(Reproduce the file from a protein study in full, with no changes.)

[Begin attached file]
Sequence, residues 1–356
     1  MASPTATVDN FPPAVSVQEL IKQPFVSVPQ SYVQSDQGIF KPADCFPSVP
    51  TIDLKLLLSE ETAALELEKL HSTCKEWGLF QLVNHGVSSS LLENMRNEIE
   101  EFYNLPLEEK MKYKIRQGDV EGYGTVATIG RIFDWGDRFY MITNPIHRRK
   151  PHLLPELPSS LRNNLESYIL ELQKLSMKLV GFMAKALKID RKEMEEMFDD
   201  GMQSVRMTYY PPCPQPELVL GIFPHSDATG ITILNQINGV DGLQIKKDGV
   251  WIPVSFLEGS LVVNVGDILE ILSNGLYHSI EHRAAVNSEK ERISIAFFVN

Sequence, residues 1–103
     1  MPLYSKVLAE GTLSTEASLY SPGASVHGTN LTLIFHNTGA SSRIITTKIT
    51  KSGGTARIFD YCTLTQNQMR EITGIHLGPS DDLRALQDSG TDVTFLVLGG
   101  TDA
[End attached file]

Sequence, residues 1–356
     1  MASPTATVDN FPPAVSVQEL IKQPFVSVPQ SYVQSDQGIF KPADCFPSVP
    51  TIDLKLLLSE ETAALELEKL HSTCKEWGLF QLVNHGVSSS LLENMRNEIE
   101  EFYNLPLEEK MKYKIRQGDV EGYGTVATIG RIFDWGDRFY MITNPIHRRK
   151  PHLLPELPSS LRNNLESYIL ELQKLSMKLV GFMAKALKID RKEMEEMFDD
   201  GMQSVRMTYY PPCPQPELVL GIFPHSDATG ITILNQINGV DGLQIKKDGV
   251  WIPVSFLEGS LVVNVGDILE ILSNGLYHSI EHRAAVNSEK ERISIAFFVN

Sequence, residues 1–103
     1  MPLYSKVLAE GTLSTEASLY SPGASVHGTN LTLIFHNTGA SSRIITTKIT
    51  KSGGTARIFD YCTLTQNQMR EITGIHLGPS DDLRALQDSG TDVTFLVLGG
   101  TDA